On a recent fishing trip my dad and Tim decided to fish the rocks at the Charleston Jetties. They caught some nice shrimp for bait and in the process also caught a pinfish about 5” in length. When they arrived at the jetties dad decided to rig up the pinfish on a float in hopes that a large redfish would come along and find it. It was not long before his float disappeared and the rod began to bend. Dad fought the fish to the boat only to find a trout weighing about 3 pounds on the other end of the line. To see the size of the trout you would never have thought it would attempt to eat the large pinfish.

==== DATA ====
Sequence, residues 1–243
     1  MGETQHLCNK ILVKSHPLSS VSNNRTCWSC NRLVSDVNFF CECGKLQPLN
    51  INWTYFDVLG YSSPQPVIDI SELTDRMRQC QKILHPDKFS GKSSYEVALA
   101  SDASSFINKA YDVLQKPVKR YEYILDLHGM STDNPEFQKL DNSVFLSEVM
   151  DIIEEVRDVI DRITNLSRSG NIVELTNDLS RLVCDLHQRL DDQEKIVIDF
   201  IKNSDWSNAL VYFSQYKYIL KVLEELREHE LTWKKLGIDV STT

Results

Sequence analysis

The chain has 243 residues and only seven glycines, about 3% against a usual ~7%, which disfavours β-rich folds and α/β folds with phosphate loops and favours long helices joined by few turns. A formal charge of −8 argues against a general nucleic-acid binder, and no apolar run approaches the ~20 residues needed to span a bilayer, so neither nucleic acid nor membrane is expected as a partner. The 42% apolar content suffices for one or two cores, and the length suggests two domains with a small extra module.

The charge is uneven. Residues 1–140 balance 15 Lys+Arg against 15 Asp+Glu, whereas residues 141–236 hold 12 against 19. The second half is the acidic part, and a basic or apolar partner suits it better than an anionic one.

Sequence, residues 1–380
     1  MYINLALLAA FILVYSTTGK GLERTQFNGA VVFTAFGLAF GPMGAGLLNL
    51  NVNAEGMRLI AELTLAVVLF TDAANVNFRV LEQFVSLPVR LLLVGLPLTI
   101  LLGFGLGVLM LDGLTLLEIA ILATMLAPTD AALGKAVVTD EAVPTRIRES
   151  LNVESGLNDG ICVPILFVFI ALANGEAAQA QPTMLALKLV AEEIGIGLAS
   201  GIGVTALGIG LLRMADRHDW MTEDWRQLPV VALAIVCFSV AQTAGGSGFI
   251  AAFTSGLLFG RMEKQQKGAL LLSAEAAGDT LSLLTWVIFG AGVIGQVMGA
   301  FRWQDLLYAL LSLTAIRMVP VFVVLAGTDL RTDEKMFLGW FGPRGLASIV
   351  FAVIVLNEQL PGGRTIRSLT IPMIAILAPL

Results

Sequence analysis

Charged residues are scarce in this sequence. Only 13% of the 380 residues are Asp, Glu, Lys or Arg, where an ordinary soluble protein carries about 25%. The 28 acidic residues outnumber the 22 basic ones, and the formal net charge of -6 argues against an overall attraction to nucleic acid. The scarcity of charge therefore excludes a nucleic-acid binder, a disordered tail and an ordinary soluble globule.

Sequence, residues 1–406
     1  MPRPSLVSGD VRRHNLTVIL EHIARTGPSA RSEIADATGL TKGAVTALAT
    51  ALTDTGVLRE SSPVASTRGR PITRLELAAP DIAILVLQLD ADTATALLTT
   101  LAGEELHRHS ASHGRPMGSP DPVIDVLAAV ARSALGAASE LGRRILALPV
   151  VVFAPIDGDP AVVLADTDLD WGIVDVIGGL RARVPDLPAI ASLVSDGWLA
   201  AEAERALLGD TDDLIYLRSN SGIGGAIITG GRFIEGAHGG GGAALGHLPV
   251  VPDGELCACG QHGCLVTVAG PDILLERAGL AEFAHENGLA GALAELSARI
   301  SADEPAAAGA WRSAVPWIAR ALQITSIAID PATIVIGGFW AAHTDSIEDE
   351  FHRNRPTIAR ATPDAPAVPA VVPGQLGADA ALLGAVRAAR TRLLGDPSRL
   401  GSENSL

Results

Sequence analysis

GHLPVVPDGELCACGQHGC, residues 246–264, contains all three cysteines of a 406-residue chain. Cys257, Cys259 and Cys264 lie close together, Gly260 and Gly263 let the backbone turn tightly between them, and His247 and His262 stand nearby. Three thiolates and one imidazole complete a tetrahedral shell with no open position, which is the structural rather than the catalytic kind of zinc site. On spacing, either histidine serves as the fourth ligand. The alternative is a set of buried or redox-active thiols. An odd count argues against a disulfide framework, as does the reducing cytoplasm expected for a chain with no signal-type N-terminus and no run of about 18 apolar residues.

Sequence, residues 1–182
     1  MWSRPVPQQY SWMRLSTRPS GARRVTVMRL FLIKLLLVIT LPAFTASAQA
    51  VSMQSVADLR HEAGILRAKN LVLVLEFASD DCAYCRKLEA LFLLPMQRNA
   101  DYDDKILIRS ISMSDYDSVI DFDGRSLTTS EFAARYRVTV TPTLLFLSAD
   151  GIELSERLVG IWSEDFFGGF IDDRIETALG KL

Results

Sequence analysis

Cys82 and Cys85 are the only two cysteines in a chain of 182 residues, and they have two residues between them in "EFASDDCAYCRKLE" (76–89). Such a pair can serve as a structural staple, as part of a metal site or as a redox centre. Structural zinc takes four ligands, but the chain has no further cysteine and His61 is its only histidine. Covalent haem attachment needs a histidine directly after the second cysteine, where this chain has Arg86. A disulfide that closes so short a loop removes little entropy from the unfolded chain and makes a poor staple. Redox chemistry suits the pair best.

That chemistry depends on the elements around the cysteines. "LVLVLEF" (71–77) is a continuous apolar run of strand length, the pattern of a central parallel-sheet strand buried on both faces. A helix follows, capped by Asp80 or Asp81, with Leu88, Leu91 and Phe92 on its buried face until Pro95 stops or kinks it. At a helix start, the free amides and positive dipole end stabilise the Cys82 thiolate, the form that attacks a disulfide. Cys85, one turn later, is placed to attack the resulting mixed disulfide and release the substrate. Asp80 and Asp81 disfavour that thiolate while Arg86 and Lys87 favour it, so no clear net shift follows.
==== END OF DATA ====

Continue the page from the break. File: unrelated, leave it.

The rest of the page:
Like most trout fishermen I grew up using the standard small bait for trout. We used grubs, mudminnows, and live shrimp. Years later I worked for Luden’s Marine Supply and delivered marine paints and assorted products to a local shipyard. Some of the guys at the shipyard knew I liked to fish and were always telling me tales about one guy that worked there and was always catching these big trout. I inquired and found out who he was and one day I asked him if the stories were true. He smiled and pulled out some pictures of some of the prettiest trout I had ever seen. He had several pictures of fish in the 5-6lb. range. Knowing what I knew about serious trout fishermen I was pretty sure he would not let me in on where he caught these fish so instead I asked him what he caught the fish on. He told me he only used Mirro-Lures (up to about 5” in length) and had found not only did the larger fish like them, but the little trout loved them as well. He explained that in the fall the fish are really aggressive and the fish really hit these bigger baits with a vengeance. I was sold and immediately went out and bought some. That was 12 years ago and I have been using Mirro-Lures ever since. I have caught some really nice trout in the 3-5lb. Range and I have caught some trout that were not much larger than the bait. I have found that the bigger bait definitely brings a strike that will almost yank t